quarter of an inch; tarsus extremely short, much compressed, anteriorly covered
with a series of very small scutella, and another row on the lower half
externally, the sides reticulate. Hind toe very small, with an inferior free
membrane; anterior toes double the length of the tarsus; the second shorter than
the fourth, which is nearly as long as the third; all connected by reticulated
webs, of which the outer is deeply emarginate. Claws short, considerably
curved, compressed, acute, that of the middle toe with a thin inner edge.
Plumage full, soft, and blended; feathers of the head and upper part of the
hind neck very slender, and elongated along the median line into a narrow
decurved crest; those of the shoulders obovate and abrupt, of the rest of the
upper parts ovate, of the lower elliptical. Wings very short, narrow, curved,
and pointed; primaries narrow, tapering, the first scarcely longer than the
second, the rest rapidly graduated; secondaries short, narrow, rounded, the
inner tapering to an obtuse point. Tail short, graduated, of sixteen rather
narrow, tapering feathers.
Bill dark greyish-blue. Iris bright red. Feet livid blue, claws dusky.
The general colour of the plumage is pure white; a short band on each side of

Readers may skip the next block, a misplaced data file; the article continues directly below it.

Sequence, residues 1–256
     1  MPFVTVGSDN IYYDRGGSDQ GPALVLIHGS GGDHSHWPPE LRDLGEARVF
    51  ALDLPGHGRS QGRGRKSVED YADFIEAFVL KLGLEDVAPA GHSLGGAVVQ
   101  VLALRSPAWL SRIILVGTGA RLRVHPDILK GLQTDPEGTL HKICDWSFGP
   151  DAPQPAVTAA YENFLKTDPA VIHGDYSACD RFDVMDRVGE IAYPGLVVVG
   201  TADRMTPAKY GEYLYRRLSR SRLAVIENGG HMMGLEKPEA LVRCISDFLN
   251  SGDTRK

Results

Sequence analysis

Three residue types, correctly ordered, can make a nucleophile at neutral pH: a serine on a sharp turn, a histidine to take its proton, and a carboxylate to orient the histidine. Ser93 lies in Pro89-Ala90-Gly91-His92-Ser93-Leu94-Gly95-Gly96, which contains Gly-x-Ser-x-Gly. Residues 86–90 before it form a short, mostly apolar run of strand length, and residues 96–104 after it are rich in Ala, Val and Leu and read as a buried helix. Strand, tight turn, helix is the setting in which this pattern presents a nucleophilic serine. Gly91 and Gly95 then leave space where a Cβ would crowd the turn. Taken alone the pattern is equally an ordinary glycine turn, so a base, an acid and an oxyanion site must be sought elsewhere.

the hind neck bordering the crest, duck-green; a broad patch on the lore and
below the eye, a narrow band across the lower part of the hind neck, formed by
single bars near the tips of the feathers, the middle of the back in its whole
length, a short transverse bar under the fore edge of the wing, the anterior
margin of that organ to beyond the carpal joint, the outer edges of the
scapulars, the primary coverts, the secondary coverts, and the outer secondary
quills, excepting the tips of both, deep black. The quills are also black, but
of a less deep tint; the hind part of the back becomes tinged with grey, and the
rump and tail-feathers are dusky grey. The sides of the body and rump are
white, finely undulated with blackish-grey.
Length to end of tail 17 1/2 inches, to end of claws 18 1/4, to end of
wings 15 1/2; extent of wings 27; bill along the ridge 1 (3 1/2)/12, along the
edge of lower mandible 1 (7 1/2)/12; wing from flexure 7 3/4; tail 3 1/2; tarsus
1 (1 1/2)/12; first toe 1/2, its claw 2/12; second toe 1 1/2, its claw 4/12;
third toe 1 11/12, its claw (4 1/2)/12; fourth toe 1 10/12, its claw 3/12.
Weight 1 lb. 8 oz.
The female is much smaller. The feathers of the hind part of the head and
neck are also elongated so as to form a crest. The bill, iris, and feet, are
coloured as in the male. All the lower parts are white, excepting a broad band
of light grey across the middle of the neck, and a narrow portion of the sides,
which are of a deeper tint. There is a patch of brownish-black on the lore and
beneath the eye; the upper part of the head and half of the hind neck are light
reddish-brown; the rest of the hind neck, and all the upper parts, bluish-grey,
darker behind, and in the middle of the back approaching to black. The wings as
in the male, that is black, with a large patch of white, and two narrow
transverse bands of the same; the tail dusky grey.
Length to end of tail 15 1/4 inches, to end of claws 16 1/2, to end of
wings 14 1/2; extent of wings 25. Weight 1 lb. 4 oz.